P.P Human Physiology

Submitted by mduque on Fri, 03/23/2018 - 12:57

The three basic principles of circulatory function are the following: blood flow to each tissue is controlled in relation to tissue need, cardiac output is controlled by the sum of all tissue flows, and arterial pressure regulation is independent of local blood flow control or cardiac output. In aortic valve stenosis, the diameter of the aortic valve opening is reduced significantly, and the aortic pressure pulse is decreased because of diminished blood flow outward through the stenoic valve. This is directly related to a problem with delayed compliance. In normal vessels an increase in volume first shows an increase in pressure, then delayed stretching due to the vessel's distensibility causes the pressure to return back to normal pressures. If this delayed stretching is disturbed, pressure control will diminish and blood flow will be greatly affected. 

Physics lab

Submitted by mduque on Fri, 03/02/2018 - 13:52

In this  lab we investigated the properties of magnetism and magnetic induction. We are using the knowledge that there is a magnetic field that mediates the force between magnetic objects. We were able to show  how magnetic fields can generate an electric current and how electric currents generate magnetic fields. First, we used a compass and magnet to show how magnets interact at opposite poles. Then, we utilized a magnet and coil combination to show how magnetic fields can generate current. Lastly, we used a two-coil system to prove there was a voltage across the terminals of the second coil.

Magnetic flux is basically the number of magnetic field lines that passes through a closed surface. Magnetic flux depends on and is also equal to the product of surface area and magnetic field. It depends on it changing with time. When a magnetic is near a compass and the south pole of the compass needle is pointing at the magnetic, the needle’s point must be at the north pole of the magnet (a compass needle is simply a small magnet balanced on a pin). We then can infer that when the compass needle is exposed to a magnetic field it will pivot (because it wants to  align with the field lines of the magnet). This is because the north pole will repel the north pole of the magnet and vise versa with south. On the other hand, the north pole will attract the south-pole (opposites attract).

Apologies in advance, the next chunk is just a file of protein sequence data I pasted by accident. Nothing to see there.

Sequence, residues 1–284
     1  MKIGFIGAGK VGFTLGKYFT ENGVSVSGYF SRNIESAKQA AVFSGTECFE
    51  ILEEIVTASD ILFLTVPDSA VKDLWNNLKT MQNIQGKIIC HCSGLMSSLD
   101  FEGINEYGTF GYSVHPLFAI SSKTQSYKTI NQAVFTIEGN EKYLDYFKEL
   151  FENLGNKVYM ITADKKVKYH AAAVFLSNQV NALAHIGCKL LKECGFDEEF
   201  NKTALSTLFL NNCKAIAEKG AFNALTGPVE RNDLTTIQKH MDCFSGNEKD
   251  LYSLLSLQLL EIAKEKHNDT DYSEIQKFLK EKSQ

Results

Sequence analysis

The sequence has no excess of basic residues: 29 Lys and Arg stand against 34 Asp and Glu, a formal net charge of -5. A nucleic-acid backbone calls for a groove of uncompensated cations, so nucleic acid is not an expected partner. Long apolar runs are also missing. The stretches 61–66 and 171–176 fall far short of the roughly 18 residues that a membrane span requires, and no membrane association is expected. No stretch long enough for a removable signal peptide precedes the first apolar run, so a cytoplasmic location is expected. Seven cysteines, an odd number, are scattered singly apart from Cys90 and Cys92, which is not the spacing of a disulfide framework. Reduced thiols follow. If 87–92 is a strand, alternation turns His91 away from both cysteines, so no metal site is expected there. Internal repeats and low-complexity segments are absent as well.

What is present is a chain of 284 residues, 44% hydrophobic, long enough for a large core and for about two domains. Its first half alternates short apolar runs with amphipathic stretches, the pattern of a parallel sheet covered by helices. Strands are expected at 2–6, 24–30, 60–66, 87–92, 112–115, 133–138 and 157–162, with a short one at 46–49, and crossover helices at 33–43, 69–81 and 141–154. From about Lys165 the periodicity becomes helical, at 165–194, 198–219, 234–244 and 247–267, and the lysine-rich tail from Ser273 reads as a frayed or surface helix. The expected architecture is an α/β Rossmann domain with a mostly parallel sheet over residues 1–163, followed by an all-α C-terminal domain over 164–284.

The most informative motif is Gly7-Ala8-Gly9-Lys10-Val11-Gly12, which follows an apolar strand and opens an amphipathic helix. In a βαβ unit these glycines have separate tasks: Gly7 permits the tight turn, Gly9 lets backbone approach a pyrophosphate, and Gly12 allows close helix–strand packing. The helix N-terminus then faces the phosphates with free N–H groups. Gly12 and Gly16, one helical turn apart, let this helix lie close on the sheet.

Shannon index

Submitted by mduque on Fri, 03/02/2018 - 13:48

We decided to investigate tree species richness and diversity of a small hill in Thatcher way and on University Drive behind the school parking lot in Southwest. These two places are at least 1.5 miles away from each other meaning the areas are different enough to have different populations. The trees of interest on Thatcher way are on a hill in an isolated area in the Northeast residential area on campus, whereas the trees on University Drive are surrounded by parking lots and involve a larger surface area. The trees on University Drive appear to be more spread out, therefore receive sunlight and rain more directly than the trees on Thatcher way. Temperature is most likely the same in both areas. The trees in Thatcher way are in a steeper area compared to the trees in Southwest. We predicted there would be more species richness and diversity in the Southwest area. Our predictions were based on observations of Southwest receiving more direct water and sunlight. This would make it easier for them to create their own food and energy through photosynthesis. An increased space promotes growth and resistance to stress whereas a tighter space makes the trees more vulnerable to disease, fire, and droughts. If our predictions are correct, the Southwest area will have a higher Shannon Index, meaning a greater variety of species and a somewhat equal distribution. If we are wrong, this means we overlooked other factors that could contribute to a reduced diversity in the Southwest area.

Cancer Genetics

Submitted by mduque on Fri, 03/02/2018 - 13:27

The anti-apoptotic Bcl-2 family members interact to maintain mitochondrial integrity and regulate cellular commitment to apoptosis. Apoptosis, cell death, is crucial for development and homeostasis. These signals are normally tightly regulated in cells. An unbalance is needed for tumorigenesis to occur and becomes even greater when the tumor becomes resistant to the treatments. By specifically regulating these proteins and the pathways involved, it can be possible to have more control in the way cancer cells act.